Anna noted that a requirement to code certain financial data for tax compliance reasons led to unintended benefits. The resulting data gave her business greater insights into segmentation of their products and services, which meant they could better tailor their offering to different customer segments. A simple workflow change for a tax compliance requirement that they needed to solve has had a direct impact on the business’ bottom line.
In all the examples discussed by the group, the consistent theme was thinking creatively about what insights they could draw from the new data they had at their fingertips as a result of digitalisation.
All types of small businesses can benefit from digitalisation, even when it appears they have little to gain
The benefits of digitalisation may not be immediately obvious to some types of business. For instance, a busy veterinarian or hairdresser selling their time and labour may have little apparent incentive to digitalise their analog processes, beyond meeting a compliance requirement. However, the group challenged this assumption by drawing on the experience of the pandemic, when savvy small businesses used the unexpected downtime to rethink their offerings and systems.
Both Anna and Wyndi gave examples of hairdressing businesses that cleverly pivoted during lockdown. Some salons developed new revenue lines, including selling scissors, kits, and instructional videos. Others used the downtime to implement new online booking systems that reduce admin, errors and no-shows, and create opportunities to upsell and diversify.
It’s interesting that these businesses would not have made improving their digital platforms a priority when there were other demands on their time. A lot of business owners simply don’t have the time or desire to learn how to use new programs and implement new systems. Their priorities are providing their customers with goods or services, and simply getting all the bills paid at the end of the month. But the experience of lockdown drove these businesses to uplift their digital maturity and they are now reaping the benefits.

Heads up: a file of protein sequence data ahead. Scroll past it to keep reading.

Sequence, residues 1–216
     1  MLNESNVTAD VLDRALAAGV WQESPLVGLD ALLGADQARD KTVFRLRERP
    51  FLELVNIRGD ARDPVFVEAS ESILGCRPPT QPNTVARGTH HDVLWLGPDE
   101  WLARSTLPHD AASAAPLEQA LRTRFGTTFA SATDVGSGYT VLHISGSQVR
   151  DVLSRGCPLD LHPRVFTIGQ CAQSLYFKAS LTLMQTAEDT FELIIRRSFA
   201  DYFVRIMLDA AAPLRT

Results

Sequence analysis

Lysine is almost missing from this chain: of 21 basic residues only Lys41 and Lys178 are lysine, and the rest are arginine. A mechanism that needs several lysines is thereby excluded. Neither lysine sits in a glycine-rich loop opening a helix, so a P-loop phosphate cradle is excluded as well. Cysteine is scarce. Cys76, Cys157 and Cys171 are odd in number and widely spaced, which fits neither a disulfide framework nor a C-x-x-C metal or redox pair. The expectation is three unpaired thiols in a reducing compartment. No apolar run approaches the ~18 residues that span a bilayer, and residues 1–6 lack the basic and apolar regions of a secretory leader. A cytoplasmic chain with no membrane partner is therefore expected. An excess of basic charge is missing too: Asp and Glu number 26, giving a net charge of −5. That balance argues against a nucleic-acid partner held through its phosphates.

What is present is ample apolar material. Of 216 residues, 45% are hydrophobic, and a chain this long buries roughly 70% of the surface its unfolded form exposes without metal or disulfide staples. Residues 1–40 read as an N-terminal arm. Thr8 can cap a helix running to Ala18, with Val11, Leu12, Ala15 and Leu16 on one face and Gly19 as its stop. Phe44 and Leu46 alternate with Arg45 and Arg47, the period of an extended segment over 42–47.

Of course, there are risks to digitalising processes that businesses need to be alert to, most of which relate to vendors. Wyndi flagged that digitally immature businesses may be overcharged or locked into subscriptions that don’t deliver value. Anna, Laura and Felicity all emphasised the privacy and security risks that come with using off the shelf products and services. Aaron rounded out the discussion by talking about the importance of understanding how third party software vendors are managing your and your customers’ data. And even knowing what to look for can be difficult for small businesses. No doubt the Council will return to this challenge in coming sessions.
2022 was a productive year for the committee, and I really appreciate the different perspectives that our committee members have brought to these conversations. We’ve got some interesting topics to explore in 2023 and I’m looking forward to the insightful discussions we’ll continue to have and sharing our collective learnings with you all.